'Our dad was worth more than a fine'
BECAUSE of a stranger's fatal mistake on the road, Brad Davis' three young children will grow up without a father.
The man responsible for the crash, which claimed the loved 40-year-old youth worker's life, won't spend a day in jail.
Instead, Dane Matthew Tucker will pay a $1,500 fine and get his license back in six months.
Brad was tragically killed in a crash at Miriam Vale near Gladstone in October last year.
His devastated family and friends say they have been served with a life sentence while Tucker walks free.
Tucker, 31, fronted Gladstone Magistrates Court this week and pleaded guilty to driving without due care and attention without reasonable consideration for other persons.
A more serious charge of dangerous operation of a vehicle causing death was withdrawn.
Brad's long-term partner Bianca Whish-Wilson told the Chronicle their family, who had hoped for at least some jail time in the sentence, was gutted by the outcome.
She broke down in tears in a car park after learning by phone about the sentence.
"Brad's life has been disrespected," Bianca said.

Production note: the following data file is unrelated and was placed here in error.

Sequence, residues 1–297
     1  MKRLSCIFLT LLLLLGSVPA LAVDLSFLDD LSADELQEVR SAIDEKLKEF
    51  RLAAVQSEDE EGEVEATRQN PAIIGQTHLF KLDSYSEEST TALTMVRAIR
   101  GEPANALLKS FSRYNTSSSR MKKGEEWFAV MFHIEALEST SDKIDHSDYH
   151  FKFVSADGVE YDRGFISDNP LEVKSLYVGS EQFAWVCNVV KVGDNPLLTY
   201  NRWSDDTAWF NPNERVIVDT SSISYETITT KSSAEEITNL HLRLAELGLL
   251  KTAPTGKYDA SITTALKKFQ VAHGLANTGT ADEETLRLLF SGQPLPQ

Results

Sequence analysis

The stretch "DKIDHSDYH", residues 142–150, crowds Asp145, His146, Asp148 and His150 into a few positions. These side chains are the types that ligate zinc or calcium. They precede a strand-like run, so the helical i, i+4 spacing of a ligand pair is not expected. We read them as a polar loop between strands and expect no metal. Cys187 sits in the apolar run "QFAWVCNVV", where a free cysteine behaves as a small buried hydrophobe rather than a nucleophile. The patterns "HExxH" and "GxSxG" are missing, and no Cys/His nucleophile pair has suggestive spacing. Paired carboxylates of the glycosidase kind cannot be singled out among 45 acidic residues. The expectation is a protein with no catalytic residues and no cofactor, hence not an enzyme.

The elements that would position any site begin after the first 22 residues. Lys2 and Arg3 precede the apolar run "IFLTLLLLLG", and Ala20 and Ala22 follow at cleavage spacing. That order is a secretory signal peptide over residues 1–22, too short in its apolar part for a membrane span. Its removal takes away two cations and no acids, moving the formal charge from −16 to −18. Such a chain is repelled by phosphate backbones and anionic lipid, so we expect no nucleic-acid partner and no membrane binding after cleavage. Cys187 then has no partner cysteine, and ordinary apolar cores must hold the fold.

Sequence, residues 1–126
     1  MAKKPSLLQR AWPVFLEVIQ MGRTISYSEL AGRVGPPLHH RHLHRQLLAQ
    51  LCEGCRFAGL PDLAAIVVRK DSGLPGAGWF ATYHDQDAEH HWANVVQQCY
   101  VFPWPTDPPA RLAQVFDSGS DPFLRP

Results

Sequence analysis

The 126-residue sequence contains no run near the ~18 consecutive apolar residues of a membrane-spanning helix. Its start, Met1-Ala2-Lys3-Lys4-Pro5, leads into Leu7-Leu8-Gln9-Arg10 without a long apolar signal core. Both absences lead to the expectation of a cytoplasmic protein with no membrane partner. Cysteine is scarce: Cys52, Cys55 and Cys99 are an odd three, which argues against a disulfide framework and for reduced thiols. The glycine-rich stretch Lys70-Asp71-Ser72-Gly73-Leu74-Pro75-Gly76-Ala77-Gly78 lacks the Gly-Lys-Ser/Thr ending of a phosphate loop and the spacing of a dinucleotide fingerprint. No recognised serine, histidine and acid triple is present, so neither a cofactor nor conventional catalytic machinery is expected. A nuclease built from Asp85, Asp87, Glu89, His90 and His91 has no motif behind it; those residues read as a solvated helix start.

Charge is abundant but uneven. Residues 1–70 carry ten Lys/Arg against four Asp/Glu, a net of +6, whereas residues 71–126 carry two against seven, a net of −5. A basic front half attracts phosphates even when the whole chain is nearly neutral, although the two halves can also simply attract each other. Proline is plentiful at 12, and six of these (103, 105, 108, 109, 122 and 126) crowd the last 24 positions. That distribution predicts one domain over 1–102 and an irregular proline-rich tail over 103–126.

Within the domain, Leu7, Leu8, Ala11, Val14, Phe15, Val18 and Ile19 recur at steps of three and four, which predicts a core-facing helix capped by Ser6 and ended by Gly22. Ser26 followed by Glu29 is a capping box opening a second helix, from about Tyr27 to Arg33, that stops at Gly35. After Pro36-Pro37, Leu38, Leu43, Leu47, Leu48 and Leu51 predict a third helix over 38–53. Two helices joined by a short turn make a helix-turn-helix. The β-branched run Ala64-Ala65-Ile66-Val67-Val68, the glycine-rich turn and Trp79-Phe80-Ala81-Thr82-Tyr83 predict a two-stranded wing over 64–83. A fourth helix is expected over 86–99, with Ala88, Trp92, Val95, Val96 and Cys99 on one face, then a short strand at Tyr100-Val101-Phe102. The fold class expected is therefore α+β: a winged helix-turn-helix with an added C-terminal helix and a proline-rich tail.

"His life was worth so, so much more than that.
"We are very angry."
The pair, who met during a night out in Hervey Bay, were meant to celebrate their 12 year anniversary this year and were engaged.
"He was just an incredible person, there was no one else like him," she said.
"Brad was what every man and dad should be."
While nothing can bring Brad back, Bianca believes the penalty does not fit the offence.
"(The crash) has ruined everything," she said.
"The system has just failed us. The penalty should be a deterrent but a loss of licence and a fine, how is that a deterrent?"
Bianca said Brad's greatest love was being a father to their children Baillee, 10, Maddison, 7, and Jaxson, 5.
"He would make dinner into smiley faces," she said.
"It's difficult for them, they block it out.
"He's already missed so much - my daughter's first solo, gymnastics competitions, birthdays, anniversaries."
The young widow wants tougher laws imposed for driving offences, to both discourage careless driving and help bring closure to families of victims.
"I now have high anxiety when using the road," she said.
"I never want this to happen to anyone again."